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Rick Johnson in the KIRO Radio studios. (Photos by Erynn Rose)

You’ve heard about augmented reality and virtual reality, with all the buzz about Google Glass, Oculus Rift, and other technologies designed to enhance and replace the world around us. But what about projected augmented reality?

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Todd Bishop talks with Rick Johnson of Technical Illusions on the show while trying the castAR prototype.

Our guest on this week’s GeekWire radio show is software engineer Rick Johnson, one of the co-founders of a Seattle-area company Technical Illusions, maker of augmented and virtual reality glasses called castAR. He and his co-founder, hardware engineer Jeri Ellsworth, worked previously at Valve, and their new company raised more than $1 million in a Kickstarter campaign last year.

The prototype that Johnson brought to the studio uses micro-projectors that project a holographic-style 3D image onto a reflective surface several feet in front of the person wearing the glasses — allowing users to see and interact with an immersive scene in front of their eyes.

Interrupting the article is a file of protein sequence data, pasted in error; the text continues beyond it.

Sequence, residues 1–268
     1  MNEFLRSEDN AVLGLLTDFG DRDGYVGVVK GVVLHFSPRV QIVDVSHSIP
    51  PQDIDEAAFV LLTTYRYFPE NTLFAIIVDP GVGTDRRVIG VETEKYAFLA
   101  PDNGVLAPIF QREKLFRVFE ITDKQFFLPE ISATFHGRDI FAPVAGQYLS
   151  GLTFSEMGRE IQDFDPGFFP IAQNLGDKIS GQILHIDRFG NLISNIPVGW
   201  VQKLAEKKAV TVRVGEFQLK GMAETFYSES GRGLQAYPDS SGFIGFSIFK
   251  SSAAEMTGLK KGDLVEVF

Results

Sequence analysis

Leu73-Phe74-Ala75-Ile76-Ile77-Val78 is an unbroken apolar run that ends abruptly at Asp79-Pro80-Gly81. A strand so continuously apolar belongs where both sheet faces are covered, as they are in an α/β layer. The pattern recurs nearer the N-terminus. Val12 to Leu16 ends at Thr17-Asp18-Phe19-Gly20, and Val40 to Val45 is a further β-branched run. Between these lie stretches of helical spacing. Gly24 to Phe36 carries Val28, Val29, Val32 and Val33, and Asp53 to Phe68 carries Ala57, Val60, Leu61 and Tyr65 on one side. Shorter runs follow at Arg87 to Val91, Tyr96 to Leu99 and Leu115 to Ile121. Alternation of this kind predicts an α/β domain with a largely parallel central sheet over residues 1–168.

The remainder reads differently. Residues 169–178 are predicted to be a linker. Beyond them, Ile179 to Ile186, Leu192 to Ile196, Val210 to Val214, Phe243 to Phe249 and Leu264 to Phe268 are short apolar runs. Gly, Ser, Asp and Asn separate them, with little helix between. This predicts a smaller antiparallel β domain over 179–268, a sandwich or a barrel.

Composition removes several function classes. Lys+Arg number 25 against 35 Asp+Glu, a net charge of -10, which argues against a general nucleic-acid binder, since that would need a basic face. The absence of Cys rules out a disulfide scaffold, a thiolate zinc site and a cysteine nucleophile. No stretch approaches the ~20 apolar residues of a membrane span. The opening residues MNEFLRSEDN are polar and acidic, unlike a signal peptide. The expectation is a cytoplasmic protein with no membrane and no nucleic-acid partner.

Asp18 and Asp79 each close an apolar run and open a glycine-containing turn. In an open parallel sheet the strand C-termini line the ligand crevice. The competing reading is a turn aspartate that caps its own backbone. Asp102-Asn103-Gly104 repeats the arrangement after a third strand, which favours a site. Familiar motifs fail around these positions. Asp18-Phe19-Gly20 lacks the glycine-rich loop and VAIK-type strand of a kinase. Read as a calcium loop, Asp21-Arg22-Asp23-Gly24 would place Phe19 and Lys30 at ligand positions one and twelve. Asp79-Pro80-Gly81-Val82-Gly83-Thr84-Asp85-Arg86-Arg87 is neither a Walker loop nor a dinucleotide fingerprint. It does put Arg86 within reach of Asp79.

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John Cook uses castAR with a game controller.

With a tilt of the head, the person wearing the glasses can see a different perspective on the scene, viewing the horizon by looking up, for example, or the virtual floor by looking down.

As you can see in the accompanying photos by KIRO Radio’s Erynn Rose, we actually got to test the castAR while we were recording the show — a unique experience in its own right!

Johnson talked with us about the technology, outlined the potential applications, and also told the story of the very unique circumstances that led to the formation of the company. He also shared his thoughts on the future of augmented and virtual reality, including where Facebook and Google might be headed with their implementations of the technology.

Listen to the show in the audio player below or directly via this MP3 file.

The conversation and demo with Johnson starts at 8:30, following our weekly news roundup, including our thoughts on the Amazon Fire TV, the demise of the technology formerly known as Farecast, and the end of support for Windows XP.

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